Fear Not: Sheltering-in-Place in Deer Park
By: Roy Maynard
As the rest of the nation watched a plant fire on TV, the entire city of Deer Park, Texas sheltered in place because of significant levels of benzene in the air. Meanwhile, the pastor and members of Deer Park UMC, who were sheltered in place together had a very special worship service.
The piano prelude, “All Things Bright and Beautiful,” had just concluded. The Rev. Kate Walker of Deer Park United Methodist Church was about to rise to give the welcome when someone eased into the pew next to her, bearing news.
The city of Deer Park was under a shelter-in-place order.
“I didn’t know what was going on; at first, it was just awkward,” she said. “And later, it got scary.”
She remembers what she told her congregation, some of whom work in Deer Park’s chemical industry.
“Some of you may have alarms going off on your phones; we are aware of the shelter-in-place order,” she said to them. “We’re asking everyone in narthex to come in, and to bring children up from nursery. So we will continue with our worship, and we will keep you updated as we can.”
Early on Sunday, March 17, a fire broke out in a chemical storage tank at an Intercontinental Terminals Company facility. Thick, black smoke was soon visible from the church’s sanctuary.
“The sermon that morning was about trust being more important than control,” Walker said. “And we very much started living that idea that afternoon.”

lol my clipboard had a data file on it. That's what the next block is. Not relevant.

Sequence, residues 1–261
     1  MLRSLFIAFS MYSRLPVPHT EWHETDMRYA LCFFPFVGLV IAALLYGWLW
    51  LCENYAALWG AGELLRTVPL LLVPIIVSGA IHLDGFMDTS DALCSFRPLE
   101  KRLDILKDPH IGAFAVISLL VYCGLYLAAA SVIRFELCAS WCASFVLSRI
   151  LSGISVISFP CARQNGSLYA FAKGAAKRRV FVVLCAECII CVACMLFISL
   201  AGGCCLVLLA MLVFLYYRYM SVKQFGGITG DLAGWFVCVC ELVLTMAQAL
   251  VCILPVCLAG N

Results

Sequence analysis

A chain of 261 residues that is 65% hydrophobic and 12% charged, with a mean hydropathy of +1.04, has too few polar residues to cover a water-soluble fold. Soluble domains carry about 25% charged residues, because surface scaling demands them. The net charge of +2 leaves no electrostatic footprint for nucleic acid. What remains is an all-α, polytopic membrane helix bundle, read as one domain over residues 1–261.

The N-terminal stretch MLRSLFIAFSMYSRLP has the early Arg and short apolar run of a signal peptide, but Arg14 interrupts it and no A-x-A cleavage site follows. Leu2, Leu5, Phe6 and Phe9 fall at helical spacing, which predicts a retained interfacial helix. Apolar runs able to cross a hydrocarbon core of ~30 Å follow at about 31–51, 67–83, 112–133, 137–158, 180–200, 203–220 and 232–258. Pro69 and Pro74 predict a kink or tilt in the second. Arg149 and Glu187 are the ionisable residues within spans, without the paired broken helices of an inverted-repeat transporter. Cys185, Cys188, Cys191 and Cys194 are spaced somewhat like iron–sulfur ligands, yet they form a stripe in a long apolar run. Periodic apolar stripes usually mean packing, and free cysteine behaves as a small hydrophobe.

The fire was extinguished on March 20, but a flare-up a few days later and a spike in benzene levels in the air in Deer Park meant the schools were closed for much of the week and residents made hard choices about whether to stay—or leave.
For members of Deer Park UMC, the donuts didn’t hold out quite like the loaves and fishes. Because air conditioners must be turned off during a shelter-in-place order, families were soon tired, hungry and hot.
“But we have a member who is in contact with a lot of city officials, and after about 1:30 p.m., they said it would be okay for us to be outside for a bit,” Rev. Walker said. “They didn’t want us to linger outside or play outside, but it would be okay for us to go to our cars and go to our houses.”
For the rest of the week, the church watched and waited. Schools reopened on Tuesday, and the church opened its doors and its after-school programs. But by Wednesday, officials again cancelled school and warned residents against outside activities—“out of an abundance of caution.”
“That’s the phrase we heard all week—an abundance of caution,” Walker said. “For some folks, that meant evacuating. People with a medical reason to not want to be in the smoke and pollutants were encouraged to leave. Some of our old-timers, who have lived here for years, stayed, saying that’s just ‘plant life.’ For those of us not used to it, it was scary.”
On Wednesday, with kids bored and parents stressed, church leaders decided to quickly organize a trip to Galveston for the children and youth.
“Everyone needed a break,” Walker said. “We had about 10 kids, and it was nice to get them out of the city and away from the stress. We had a nice trip to the beach and lunch in Galveston.”
High levels of benzene resulted in another brief shelter-in-place order (this one only four hours). It also resulted in a federal Chemical Safety Board investigation into the fire.
Schools reopened on Monday, March 25, and things are back to normal, Walker said.
“But we trust in God,” she said.
It’s times like this, she added, when His words are the most comforting: “Fear not, for I am with you.”